Tarallo has exhibited his findings at the Italian Consulate in Boston, Worcester Public Library and Italian American Cultural Center in Worcester. Here, he speaks about the inspiration for researching ancient inscriptions and typography (since they are technically considered different–typography was born with the invention of printing in the 1450s, but the Roman inscriptions are as far back as 62AD), the discoveries he made in Italy and the inscriptions you should look for on your next trip to Rome.
Bostoniano: How did you first become interested in the typography of Ancient Rome?
Donald Tarallo: It started in China, actually. I was teaching there for a year and my students were very good at explaining to me the history of the Chinese characters and how they evolved over time. That made me think more about the alphabet I use, which is the Latin alphabet, and how it evolved through Rome to become a standardized set of forms.
B: Tell me about the research you did on the ground in Italy.
DT: My proposal [for the Marion and Jasper Whiting Fellowship] was to bring hands-on history lessons into my design classrooms. So I received a grant, I traveled to Rome and I spent nine days walking around the city, documenting the classic examples of Roman inscriptions – and of course, thousands of others that I wasn’t expecting to see but I discovered along the way. Then I brought them back to the classroom and turned them into assignments: studying the letterforms and redrawing them and doing creative interpretations of them.
B: How did your students respond to the assignments created based on your research?
DT: I think the students loved it. … To show close-up photographs of how the original person who cut these stones made mistakes and then corrected them, they just loved that. They re-drew them and then designed more letters based on what they were looking at. For example, they had to look at a letter R and imagine what a B would look like based on that. They had fun with it and it was a really interesting way to bring research and history into a practical design classroom. Normally it’s just slide lectures, which can get really boring, so it’s a way to bring history to life.
B: During your research in Italy, was there anything that surprised you?
DT: One of the main things was in Parma. I went to an archive and there was a printing press that was very primitive looking. It was the press of a very famous printer named Bodoni, who in the typography world is considered like a god. He designed this really beautiful typeface, which you’ll probably see if you look on your computer. When you look at the typeface it’s so delicate and so thin and beautiful and well drawn; you just imagine that he would have had extremely precise printing technology, but he had a very primitive wooden press. It was hard to imagine that somebody could do such beautiful things with such primitive tools.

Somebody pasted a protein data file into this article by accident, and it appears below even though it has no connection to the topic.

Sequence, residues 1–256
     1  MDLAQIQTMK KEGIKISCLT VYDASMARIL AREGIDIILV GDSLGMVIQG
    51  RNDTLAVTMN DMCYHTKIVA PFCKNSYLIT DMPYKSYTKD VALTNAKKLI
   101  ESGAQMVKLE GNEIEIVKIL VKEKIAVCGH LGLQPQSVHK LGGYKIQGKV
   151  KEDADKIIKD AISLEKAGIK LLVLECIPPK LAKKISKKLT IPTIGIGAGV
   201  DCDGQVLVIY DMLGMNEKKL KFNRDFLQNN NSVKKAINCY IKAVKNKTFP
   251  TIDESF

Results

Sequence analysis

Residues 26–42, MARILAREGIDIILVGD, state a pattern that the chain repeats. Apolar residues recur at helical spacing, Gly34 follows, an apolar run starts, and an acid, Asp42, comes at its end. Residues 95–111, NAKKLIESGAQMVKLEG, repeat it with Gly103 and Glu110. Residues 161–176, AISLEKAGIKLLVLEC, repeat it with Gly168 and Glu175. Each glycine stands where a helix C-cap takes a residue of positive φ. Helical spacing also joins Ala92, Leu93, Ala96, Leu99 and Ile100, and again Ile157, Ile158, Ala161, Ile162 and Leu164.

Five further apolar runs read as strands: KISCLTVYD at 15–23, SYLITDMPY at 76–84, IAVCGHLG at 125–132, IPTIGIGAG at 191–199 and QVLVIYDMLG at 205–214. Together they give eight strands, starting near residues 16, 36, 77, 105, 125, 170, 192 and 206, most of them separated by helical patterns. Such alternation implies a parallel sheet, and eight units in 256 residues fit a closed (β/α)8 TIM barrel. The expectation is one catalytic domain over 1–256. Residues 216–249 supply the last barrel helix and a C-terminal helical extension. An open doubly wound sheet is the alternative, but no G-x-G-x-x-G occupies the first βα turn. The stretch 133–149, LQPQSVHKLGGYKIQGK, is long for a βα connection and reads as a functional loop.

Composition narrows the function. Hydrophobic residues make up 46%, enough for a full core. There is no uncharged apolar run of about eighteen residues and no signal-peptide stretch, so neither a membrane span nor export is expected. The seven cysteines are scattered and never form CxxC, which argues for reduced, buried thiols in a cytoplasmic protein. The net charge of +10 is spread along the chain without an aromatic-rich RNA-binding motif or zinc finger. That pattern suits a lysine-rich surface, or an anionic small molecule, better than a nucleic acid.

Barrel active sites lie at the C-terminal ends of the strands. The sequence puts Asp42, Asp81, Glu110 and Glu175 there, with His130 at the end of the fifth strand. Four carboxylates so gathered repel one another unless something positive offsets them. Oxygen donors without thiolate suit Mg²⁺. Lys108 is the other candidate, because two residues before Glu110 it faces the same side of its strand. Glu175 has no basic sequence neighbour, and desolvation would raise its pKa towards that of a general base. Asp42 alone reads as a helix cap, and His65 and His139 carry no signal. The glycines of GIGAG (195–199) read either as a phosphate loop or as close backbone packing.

Also, I think Rome in general is very rich. There were a lot of surprises. I went there with some things I knew I needed to document – everybody talked about them – and in that process, I discovered a lot more.
B: What are some of the examples of important inscriptions in Rome?
DT: The most beautiful inscriptions – it’s agreed upon by a lot of experts in typography – are at the base of Trajan’s Column, right in the center of Rome at Trajan’s Market. There’s this column there, sort of sunken below street level. It’s very hard to see them straight on, but you can see them from an angle. Those are considered the benchmark of beauty in our uppercase letters. And there’s a church, Santa Maria in Trastevere, which has a really interesting entryway that has a collection of different inscriptions from different eras, including examples of early inscriptions with Greek letters.
B: Now you’re planning to return to Italy to teach in Siena this summer?
DT: Yes, it’s a two-week intensive workshop. The students are going to study from my images and we’re also going to go to the city archives in Siena and look at tablets with letterforms from the 1100s. Then we’re going to design an uppercase font based on something unique about Siena. They’ll probably be experimental, I imagine. Maybe a student is interested in the shape of a certain kind of cookie they see in Siena and they want to design a font based on the cookie. This is the kind of playful thing we’ll do.
For more information on Donald Tarallo’s work and the Experimental Typeface Design Summer Workshop, which is open to the public, visit www.tarallodesign.com.